It's not enough just to get there: Dispersing species face social barriers, too
Physical barriers are an obvious barrier to gene flow and to diversity within species—when populations can't get to each other to mix, their genes can't mix either.
But in a paper published in Trends in Ecology and Evolution, Macquarie University biologists Nicolette Armansin and Adam Stow, together with international colleagues, argue that social barriers are also important, and contribute significantly to the evolution of social species.
Physical features of a species' environment—mountains, deep waters, or unsuitable habitat—create barriers for individuals seeking to reproduce and thus disperse their genes. But the effort involved in overcoming physical barriers only pays off if the individual who enters the new patch can successfully mate and reproduce.
Doing this is by no means certain, and the more complex the species' social organization is, the lower an interloper's chances of reproductive success. Not all social systems are the same, even among populations of the same species—and social species may not know local customs. Features of the social system, like the way groups are organized, and the social hierarchies within them, can form barriers to both movement and breeding.
In societies where individuals have to navigate a more complex social landscape, the social barriers they face will be more challenging to overcome. A newcomer will encounter social complexity that arises from how persistent social relationships are, how related group members are to one another, whether parents give extended care to their offspring, or how promiscuous the mating system is.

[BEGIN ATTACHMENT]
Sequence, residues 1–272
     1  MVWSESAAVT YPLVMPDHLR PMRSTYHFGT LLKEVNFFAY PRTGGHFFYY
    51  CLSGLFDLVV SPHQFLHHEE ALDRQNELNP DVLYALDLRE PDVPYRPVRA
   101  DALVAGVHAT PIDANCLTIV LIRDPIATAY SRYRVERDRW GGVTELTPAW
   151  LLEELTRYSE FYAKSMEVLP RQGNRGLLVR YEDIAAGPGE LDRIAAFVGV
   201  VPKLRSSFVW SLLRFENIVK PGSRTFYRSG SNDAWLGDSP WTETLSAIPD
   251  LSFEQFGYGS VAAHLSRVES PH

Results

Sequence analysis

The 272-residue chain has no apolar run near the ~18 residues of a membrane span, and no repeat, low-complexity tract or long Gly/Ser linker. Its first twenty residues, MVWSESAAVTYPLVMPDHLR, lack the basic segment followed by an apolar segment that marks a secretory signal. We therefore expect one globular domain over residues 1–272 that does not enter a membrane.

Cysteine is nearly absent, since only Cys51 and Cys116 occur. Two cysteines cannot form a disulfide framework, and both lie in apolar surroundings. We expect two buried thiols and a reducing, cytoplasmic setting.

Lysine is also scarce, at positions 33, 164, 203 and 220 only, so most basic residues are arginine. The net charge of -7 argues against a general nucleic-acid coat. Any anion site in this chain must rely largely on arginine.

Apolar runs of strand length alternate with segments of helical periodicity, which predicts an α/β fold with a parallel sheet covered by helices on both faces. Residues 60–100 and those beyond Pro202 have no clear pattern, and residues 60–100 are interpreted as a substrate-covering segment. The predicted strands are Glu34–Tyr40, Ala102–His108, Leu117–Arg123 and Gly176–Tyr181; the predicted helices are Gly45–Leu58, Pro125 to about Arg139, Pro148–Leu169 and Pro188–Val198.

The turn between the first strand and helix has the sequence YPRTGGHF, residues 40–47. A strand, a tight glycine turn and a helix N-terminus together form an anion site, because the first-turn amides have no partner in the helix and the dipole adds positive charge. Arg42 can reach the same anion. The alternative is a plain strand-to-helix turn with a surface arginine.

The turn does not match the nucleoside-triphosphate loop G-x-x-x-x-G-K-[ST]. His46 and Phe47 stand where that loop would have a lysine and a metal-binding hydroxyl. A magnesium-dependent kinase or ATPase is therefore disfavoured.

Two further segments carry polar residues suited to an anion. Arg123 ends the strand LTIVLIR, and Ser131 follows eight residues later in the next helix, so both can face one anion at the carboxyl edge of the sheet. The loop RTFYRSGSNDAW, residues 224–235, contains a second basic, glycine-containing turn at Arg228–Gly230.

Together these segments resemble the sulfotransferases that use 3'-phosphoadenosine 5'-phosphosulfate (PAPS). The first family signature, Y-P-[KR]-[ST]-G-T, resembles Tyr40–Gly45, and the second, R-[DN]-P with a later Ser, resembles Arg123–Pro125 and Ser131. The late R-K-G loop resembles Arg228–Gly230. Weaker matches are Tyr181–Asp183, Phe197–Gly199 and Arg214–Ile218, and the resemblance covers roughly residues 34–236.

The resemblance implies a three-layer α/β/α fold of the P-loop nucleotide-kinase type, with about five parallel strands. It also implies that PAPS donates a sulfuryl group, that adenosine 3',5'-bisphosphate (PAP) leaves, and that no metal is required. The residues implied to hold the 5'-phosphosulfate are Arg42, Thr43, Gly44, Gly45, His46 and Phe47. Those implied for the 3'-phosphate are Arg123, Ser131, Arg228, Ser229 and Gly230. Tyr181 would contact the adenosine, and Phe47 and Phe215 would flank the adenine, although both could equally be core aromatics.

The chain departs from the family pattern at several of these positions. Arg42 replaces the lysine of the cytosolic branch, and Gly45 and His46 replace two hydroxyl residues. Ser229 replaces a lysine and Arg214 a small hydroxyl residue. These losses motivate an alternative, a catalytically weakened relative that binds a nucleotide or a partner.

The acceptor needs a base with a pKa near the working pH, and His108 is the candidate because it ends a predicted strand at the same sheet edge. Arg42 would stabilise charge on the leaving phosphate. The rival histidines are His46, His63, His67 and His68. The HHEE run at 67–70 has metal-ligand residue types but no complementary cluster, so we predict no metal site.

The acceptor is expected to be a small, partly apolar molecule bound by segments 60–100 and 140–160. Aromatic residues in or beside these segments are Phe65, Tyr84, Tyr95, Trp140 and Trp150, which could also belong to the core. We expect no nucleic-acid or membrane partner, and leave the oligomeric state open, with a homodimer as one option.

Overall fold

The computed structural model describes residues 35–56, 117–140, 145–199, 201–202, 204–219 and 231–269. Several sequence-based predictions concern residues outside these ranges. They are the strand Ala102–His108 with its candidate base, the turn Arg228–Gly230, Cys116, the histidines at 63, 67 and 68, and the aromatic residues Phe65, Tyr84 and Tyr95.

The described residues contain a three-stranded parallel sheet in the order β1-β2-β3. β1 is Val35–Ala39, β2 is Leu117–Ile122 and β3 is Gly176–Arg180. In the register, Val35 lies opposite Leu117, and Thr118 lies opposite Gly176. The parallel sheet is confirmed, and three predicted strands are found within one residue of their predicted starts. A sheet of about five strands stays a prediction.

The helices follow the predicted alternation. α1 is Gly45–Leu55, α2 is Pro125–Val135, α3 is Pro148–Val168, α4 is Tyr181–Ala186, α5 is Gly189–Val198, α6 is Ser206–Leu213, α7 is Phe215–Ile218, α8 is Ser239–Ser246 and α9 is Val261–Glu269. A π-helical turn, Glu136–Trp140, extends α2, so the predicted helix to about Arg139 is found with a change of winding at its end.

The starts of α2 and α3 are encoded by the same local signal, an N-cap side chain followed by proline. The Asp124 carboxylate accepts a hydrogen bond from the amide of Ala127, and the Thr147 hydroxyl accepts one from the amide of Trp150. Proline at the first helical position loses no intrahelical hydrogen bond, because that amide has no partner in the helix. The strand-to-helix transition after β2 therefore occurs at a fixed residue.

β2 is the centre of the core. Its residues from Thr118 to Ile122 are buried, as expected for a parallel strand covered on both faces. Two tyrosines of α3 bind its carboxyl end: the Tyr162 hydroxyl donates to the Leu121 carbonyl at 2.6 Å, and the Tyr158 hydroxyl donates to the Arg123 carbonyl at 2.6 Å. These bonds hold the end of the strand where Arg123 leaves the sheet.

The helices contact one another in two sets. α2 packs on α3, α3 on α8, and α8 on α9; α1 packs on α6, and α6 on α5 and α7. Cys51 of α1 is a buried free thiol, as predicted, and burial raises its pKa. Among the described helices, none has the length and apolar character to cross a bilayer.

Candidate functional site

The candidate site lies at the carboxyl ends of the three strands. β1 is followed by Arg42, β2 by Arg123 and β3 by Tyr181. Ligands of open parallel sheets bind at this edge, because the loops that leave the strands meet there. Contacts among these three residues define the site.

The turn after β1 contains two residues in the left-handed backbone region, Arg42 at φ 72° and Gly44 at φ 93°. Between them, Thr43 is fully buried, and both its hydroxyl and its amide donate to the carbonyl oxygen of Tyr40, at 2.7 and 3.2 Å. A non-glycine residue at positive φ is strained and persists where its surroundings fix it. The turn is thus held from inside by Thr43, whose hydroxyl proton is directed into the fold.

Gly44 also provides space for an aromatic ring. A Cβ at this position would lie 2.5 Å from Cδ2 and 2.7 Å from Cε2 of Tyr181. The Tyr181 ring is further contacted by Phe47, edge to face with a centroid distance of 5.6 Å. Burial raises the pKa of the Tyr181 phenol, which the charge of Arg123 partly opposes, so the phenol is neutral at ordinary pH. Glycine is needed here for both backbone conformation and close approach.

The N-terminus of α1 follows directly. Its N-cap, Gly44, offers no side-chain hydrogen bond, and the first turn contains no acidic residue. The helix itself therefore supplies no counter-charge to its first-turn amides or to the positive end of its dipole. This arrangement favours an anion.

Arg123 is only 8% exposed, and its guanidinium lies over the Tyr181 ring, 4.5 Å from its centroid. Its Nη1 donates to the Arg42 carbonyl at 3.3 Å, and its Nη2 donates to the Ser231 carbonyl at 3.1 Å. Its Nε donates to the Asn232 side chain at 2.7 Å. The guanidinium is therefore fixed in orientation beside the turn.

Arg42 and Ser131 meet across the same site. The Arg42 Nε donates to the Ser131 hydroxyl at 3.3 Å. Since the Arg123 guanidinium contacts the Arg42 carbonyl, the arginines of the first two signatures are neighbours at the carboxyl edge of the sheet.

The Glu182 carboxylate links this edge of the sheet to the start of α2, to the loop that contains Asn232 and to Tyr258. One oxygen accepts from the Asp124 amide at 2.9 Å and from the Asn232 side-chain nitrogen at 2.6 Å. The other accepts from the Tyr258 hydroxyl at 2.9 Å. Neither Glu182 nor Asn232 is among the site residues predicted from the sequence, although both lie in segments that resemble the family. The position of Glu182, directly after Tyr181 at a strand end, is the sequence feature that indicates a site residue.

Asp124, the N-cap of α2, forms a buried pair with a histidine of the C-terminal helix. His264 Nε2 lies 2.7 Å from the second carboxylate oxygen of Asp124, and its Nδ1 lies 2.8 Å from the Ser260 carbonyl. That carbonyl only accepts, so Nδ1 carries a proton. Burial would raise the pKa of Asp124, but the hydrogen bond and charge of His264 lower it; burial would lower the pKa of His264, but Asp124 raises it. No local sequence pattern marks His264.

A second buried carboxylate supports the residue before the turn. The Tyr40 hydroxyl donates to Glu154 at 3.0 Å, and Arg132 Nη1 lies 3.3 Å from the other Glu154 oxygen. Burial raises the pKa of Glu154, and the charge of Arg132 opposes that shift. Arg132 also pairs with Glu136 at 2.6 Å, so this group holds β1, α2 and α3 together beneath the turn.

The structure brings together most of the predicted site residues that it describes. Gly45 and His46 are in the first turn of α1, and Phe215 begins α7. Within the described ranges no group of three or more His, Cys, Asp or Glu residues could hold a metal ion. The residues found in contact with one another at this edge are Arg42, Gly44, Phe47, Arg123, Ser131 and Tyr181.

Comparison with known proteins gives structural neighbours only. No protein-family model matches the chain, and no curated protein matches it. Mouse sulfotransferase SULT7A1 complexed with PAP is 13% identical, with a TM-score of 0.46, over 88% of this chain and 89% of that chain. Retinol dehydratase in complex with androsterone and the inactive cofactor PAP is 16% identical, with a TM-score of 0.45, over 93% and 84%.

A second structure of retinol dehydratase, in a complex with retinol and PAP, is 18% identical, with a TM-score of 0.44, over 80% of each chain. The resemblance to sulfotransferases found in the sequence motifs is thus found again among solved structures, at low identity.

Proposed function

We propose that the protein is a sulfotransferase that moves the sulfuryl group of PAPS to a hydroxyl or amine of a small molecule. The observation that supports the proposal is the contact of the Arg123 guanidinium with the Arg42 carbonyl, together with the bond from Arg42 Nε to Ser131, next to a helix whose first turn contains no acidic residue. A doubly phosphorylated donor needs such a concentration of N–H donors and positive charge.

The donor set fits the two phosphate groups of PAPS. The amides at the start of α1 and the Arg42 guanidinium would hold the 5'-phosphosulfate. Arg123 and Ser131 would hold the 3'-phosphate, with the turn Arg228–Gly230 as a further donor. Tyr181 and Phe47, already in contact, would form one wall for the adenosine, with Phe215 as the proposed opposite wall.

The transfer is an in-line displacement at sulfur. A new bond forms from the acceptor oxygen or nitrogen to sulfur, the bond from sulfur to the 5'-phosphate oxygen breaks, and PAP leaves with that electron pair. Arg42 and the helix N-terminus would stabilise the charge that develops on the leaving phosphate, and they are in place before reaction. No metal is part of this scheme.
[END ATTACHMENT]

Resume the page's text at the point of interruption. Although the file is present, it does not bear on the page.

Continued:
In many animal populations individuals form enduring social bonds, and the number and quality of their relationships shape survival and reproductive success. This creates tight-knit communities, sometimes including coalitions, and such a social structure can be slow to accept immigrant animals. The need to form new relationships can make the social integration of immigrants a drawn-out process. In extreme cases, communities where members are highly related can be completely closed to immigrants and to new breeders.
The barriers introduced by social systems can mean that the places individuals can physically move to is not necessarily a place they can breed. This effect—social resistance—combines the barriers individuals face when trying to enter a patch (entry resistance) and those they face in forming the social relationships necessary to reproduce within that patch (breeding resistance). Social resistance is a missing link between models of dispersal and gene flow. The hypothesis captures how social factors within patches can further affect dispersal through entry resistance and effective dispersal through breeding resistance.
But successfully overcoming social resistance can be an agent of selection. Immigrant animals which have overcome social resistance well enough to reproduce could be well placed to respond to selection pressure that includes strategies overcoming social resistance. Armansin, Stow and colleagues argue that social resistance can select for particular dispersal strategies, delayed reproduction, and parental care strategies that have an effect on how, and to what extent, connectivity is affected by social resistance.
Nicolette Armansin says, "I am hopeful that this hypothesis will generate a richer understanding of why social animals behave the way they do."
Adam Stow adds, "By acknowledging the effect of social behavior on connectivity we can now better predict what the consequences of human impacts on the environment might be."